This Is What It Looks Like To Jump From 13.6 Miles Above EarthS

Our planet never seems more beautiful than from a distance. Extreme jumper Felix Baumgartner brought back this amazingly distant view — from 71,580 feet above the surface — before jumping out of his space capsule and hurtling home at 365 mph in his quest to hit supersonic speeds without an aircraft.

The Austrian extreme athlete set off from Roswell, New Mexico in a balloon-lifted space capsule yesterday morning to test his equipment and join an elite group of just three men who have jumped from above the "Armstrong Point" where the conditions are so inhospitable a human would quickly die without special equipment.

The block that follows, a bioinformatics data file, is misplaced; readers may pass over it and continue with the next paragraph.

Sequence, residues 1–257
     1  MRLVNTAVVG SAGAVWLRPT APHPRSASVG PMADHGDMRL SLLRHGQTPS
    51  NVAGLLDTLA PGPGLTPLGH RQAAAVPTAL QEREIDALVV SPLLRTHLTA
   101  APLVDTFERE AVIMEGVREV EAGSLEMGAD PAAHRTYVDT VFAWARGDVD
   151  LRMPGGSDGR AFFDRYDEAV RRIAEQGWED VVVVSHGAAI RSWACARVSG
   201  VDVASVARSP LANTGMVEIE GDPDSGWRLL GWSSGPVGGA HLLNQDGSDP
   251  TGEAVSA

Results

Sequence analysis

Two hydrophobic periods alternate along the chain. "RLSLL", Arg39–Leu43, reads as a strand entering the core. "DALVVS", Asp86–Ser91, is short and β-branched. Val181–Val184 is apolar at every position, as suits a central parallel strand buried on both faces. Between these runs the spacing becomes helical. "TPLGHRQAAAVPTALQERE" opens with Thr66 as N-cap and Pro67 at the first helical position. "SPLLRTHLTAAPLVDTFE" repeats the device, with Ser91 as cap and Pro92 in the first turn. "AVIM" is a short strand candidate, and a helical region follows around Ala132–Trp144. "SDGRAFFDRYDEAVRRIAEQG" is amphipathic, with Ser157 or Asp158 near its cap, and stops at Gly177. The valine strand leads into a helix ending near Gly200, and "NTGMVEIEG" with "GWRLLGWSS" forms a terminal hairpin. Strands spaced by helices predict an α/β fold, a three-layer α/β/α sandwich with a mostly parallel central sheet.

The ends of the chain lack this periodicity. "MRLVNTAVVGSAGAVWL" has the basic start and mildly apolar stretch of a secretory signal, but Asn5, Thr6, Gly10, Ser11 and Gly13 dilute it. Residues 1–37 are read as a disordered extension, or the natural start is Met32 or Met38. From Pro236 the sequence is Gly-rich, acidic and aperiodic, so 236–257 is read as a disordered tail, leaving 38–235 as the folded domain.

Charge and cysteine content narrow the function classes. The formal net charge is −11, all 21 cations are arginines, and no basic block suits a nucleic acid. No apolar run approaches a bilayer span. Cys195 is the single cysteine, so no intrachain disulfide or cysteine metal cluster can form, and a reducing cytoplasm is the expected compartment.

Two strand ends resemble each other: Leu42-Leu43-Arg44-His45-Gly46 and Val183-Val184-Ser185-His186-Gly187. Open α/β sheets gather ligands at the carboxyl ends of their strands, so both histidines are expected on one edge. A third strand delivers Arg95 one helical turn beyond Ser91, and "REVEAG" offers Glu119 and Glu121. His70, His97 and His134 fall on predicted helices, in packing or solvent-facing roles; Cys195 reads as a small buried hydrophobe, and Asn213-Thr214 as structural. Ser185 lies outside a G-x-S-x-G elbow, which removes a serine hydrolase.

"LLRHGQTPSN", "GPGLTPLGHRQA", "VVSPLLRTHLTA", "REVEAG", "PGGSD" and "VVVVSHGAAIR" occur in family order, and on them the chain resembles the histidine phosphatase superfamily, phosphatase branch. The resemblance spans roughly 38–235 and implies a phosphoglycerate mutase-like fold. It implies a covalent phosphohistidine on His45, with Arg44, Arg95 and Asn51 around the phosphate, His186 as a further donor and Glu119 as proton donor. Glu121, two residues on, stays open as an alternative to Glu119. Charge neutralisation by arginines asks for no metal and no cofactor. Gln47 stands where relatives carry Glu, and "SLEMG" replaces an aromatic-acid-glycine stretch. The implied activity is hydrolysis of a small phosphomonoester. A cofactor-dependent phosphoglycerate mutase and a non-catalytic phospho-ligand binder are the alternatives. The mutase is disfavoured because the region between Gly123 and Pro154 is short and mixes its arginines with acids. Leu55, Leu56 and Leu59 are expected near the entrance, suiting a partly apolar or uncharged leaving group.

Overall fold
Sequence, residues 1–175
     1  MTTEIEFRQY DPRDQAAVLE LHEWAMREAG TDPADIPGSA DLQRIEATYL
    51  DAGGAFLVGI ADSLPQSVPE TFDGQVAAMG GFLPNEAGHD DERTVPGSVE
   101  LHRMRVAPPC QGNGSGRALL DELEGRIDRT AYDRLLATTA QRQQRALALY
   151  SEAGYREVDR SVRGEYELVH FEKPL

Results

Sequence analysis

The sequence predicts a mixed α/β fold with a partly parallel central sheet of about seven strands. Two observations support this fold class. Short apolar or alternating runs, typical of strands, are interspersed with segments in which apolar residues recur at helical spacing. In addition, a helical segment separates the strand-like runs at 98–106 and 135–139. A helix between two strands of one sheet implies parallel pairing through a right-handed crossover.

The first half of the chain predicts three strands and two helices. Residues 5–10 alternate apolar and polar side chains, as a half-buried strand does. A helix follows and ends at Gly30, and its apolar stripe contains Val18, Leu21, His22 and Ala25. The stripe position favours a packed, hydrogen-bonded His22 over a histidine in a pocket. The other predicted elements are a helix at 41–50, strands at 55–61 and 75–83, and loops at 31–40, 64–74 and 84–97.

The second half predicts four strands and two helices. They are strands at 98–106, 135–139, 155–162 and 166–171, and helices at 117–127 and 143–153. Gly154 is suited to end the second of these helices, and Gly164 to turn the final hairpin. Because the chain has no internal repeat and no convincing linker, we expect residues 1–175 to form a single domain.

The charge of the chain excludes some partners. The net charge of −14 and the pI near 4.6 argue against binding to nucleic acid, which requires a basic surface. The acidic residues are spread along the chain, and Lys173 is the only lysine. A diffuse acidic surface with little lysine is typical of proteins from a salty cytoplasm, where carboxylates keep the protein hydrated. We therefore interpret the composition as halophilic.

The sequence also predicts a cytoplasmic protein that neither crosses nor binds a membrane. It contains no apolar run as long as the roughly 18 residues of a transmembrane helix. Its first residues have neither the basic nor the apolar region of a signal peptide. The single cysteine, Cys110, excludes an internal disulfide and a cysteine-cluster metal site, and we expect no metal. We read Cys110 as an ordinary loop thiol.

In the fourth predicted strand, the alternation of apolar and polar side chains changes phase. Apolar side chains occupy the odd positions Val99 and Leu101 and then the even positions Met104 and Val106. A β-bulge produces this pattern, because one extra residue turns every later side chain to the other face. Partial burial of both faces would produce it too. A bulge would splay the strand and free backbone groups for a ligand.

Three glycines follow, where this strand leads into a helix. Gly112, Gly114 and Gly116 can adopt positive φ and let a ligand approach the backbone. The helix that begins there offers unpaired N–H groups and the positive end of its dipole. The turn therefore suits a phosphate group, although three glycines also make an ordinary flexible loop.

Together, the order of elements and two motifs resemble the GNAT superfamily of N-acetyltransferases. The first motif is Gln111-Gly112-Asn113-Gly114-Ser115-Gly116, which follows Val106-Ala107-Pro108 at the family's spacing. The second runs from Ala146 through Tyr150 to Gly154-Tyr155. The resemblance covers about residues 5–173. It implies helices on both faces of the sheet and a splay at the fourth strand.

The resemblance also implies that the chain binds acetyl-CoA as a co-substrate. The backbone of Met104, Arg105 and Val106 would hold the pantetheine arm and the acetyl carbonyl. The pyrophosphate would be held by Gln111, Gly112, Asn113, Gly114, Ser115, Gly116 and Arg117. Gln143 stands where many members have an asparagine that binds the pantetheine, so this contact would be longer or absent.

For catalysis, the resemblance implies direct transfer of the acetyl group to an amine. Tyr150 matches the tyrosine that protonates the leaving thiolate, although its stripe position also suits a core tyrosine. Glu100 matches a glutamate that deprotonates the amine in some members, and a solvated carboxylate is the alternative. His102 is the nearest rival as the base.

One of the other men to accomplish the feat is jump height record holder Joseph Kittinger, who is an advisor to the attempt and was on the ground to watch the attempt. You can read more about Kittinger and the jump attempt here.

Baumgartner wants to hit supersonic speeds in his next jump, but for the moment he's trying to make sure his capsule, suit, and parachute all work. It appears everything was normal (although his hands were extremely cold) and he can proceed to his next jump from 90,000 feet.

Since Red Bull is sponsoring this effort, expect more incredible photography and video.

(Thanks to everyone for the tip!)